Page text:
True, that. For once both sides do do it. Part of this comes from southern Dems collaborating with GOPs to draw a few safe black districts. Seems like this should make it easier to get everybody to agree to a solution. Saw an article this morning that Canada’s done well with non-partisan redistricting commissions.

  11. stonetools says:

    @Hal_10000:
    Actually California has a non partisan commission drawing the districts.

  12. stonetools says:

    Heh, look at this:

    To buttress Clinton’s advantage in most swing states and minimize her deficit in others, the campaign has configured a schedule for Clinton and running mate Tim Kaine that uncharacteristically has them both publicly campaigning with little pause before Election Day. Joining them on the trail at a picked-up pace will be their highest-profile surrogates, including: Obama, who was in Nevada for Clinton on Sunday and is due to visit Florida on Friday; former President Bill Clinton, who spent the weekend in Florida and is now headed to North Carolina; Vice President Joe Biden, due to visit Ohio and Pennsylvania this week; Senator Elizabeth Warren, scheduled for New Hampshire and North Carolina; Michelle Obama, in North Carolina on Thursday; and Bernie Sanders.

    Read more: http://www.politico.com/story/2016/10/hillary-clinton-big-win-2016-squash-rigged-talk-230247#ixzz4O97fdUTi

    When I saw that, I thought: “Surrogates assemble!”

  13. @JR: @SKI: It isn’t just gerrymandering, and may not even be primarily gerrymandering (but it does matter). The main issue is the geographic sorting that takes place in our single seat district system that inherently favors the Republicans.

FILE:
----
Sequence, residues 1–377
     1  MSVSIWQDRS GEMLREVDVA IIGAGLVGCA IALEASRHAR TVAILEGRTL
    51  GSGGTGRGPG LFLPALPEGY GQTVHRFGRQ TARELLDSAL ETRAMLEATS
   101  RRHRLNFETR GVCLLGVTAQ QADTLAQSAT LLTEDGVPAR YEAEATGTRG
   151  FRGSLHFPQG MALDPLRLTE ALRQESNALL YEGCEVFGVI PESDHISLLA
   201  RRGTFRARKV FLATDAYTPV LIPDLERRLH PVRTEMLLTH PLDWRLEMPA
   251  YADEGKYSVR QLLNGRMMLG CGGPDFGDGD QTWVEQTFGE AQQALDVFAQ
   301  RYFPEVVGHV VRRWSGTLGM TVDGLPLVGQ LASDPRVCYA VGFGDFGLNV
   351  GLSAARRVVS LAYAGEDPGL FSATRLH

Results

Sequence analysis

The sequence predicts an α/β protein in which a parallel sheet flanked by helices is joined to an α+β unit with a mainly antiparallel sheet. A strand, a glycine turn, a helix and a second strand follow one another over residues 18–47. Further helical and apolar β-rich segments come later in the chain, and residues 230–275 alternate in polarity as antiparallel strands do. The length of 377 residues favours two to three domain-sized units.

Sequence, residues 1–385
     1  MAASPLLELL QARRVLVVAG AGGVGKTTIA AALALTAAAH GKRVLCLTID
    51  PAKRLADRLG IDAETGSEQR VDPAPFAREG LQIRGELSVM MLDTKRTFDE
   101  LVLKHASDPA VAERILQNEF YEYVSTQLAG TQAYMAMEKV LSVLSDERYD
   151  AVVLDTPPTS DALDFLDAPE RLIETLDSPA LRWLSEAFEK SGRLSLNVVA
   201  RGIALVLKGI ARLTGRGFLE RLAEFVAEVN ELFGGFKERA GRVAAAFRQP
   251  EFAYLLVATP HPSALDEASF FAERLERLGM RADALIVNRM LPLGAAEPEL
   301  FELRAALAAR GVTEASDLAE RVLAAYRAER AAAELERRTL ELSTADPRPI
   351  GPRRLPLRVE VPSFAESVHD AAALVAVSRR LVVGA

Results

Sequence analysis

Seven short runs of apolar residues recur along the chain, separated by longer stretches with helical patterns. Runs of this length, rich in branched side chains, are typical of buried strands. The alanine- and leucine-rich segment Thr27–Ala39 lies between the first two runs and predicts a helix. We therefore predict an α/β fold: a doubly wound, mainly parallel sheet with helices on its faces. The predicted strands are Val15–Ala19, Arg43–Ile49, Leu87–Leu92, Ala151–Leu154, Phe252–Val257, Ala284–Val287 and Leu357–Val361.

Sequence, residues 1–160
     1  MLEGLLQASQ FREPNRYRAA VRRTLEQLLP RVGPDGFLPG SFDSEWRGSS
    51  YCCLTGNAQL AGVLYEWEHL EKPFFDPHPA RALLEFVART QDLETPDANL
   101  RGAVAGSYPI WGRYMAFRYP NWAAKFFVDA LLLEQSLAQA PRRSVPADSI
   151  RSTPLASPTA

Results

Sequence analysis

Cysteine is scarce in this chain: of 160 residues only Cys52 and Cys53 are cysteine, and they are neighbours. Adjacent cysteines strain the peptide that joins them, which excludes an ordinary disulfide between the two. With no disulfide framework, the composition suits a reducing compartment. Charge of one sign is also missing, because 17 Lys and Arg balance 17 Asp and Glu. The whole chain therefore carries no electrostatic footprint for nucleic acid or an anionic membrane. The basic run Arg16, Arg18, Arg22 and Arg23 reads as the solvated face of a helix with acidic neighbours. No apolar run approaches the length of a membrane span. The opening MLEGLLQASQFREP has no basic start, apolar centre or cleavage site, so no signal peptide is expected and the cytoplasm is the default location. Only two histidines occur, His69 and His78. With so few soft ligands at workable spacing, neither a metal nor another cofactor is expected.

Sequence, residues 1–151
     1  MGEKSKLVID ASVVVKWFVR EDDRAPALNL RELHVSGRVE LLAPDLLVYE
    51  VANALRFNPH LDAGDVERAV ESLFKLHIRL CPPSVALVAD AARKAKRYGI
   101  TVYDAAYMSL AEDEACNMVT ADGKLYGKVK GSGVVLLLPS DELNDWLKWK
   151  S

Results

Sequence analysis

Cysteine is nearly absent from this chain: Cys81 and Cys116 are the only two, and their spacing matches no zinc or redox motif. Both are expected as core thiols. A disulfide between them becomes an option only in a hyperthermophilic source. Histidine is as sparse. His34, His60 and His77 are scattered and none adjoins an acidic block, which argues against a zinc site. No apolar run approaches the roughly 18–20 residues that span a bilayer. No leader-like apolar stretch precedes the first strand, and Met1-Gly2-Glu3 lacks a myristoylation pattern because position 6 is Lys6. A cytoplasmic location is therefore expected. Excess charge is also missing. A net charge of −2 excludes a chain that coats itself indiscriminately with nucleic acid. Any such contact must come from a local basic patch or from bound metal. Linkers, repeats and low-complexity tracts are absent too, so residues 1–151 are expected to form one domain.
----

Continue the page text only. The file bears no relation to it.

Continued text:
See:

    *Not Gerrymandering, but Districting: More Evidence on How Democrats Won the Popular Vote but Lost the Congress

    *Political Geography and 2012 U.S. House Vote

    * Distortions of the US House: It’s not how the districts are drawn, but that there are (single-seat) districts

  14. (or put another way, our system to elect the House disadvantages the party whose strength is primarily urban)

  15. SKI says:

    @Steven L. Taylor: sure, there are some inherent advantages to the rural party given that some states don’t have enough population to justify the one seat they get and how we break ties for state representation overall BUT seats are assigned in proportion to census population. If done “clean” a rural voter in upstate NY shouldn’t have more voting weight from a voter in NYC. Put another way, there is no way, absent gerrymandering that there should be a huge weighting towards the rural party. Some? Yup but not more than a handful of seats.

  16. @SKI: All I can say at the moment that the political science is pretty clear: our system of electing the House in particular advantages Republicans and it would do so even if the districts were drawn in a more politically neutral fashion.

    And I understand this may not be obvious or clear.

    We also don’t have enough seats in the House, which also contributes to the problem.

  17. How about this: voters are not ideologically evenly distributed, so even neutrally drawn districts will capture distortions that result from self-sorting.

  18. Guarneri says:

    How’s her head?

  19. Bob@Youngstown says:

    OT, but KFF report on Obamacare 2017 increases is interesting particularly as it applies to the ACTUAL NET cost for the typical subsidized enrollees.

  20. Hal_10000 says:

    @gVOR08:

    Part of this comes from southern Dems collaborating with GOPs to draw a few safe black districts

    TBF: there were requirements from civil rights laws to create majority-minority districts so that black politicians would have a better chance of being elected. But yeah, it became a baptists and bootleggers situation, where both sides were happy to gerrymander.

  21. Guarneri says:

    @Bob@Youngstown:

    Uh-oh. We need to clean this up……..

  22. Bob@Youngstown says:

    @Guarneri: More facts and data than being proffered by Trump campaign.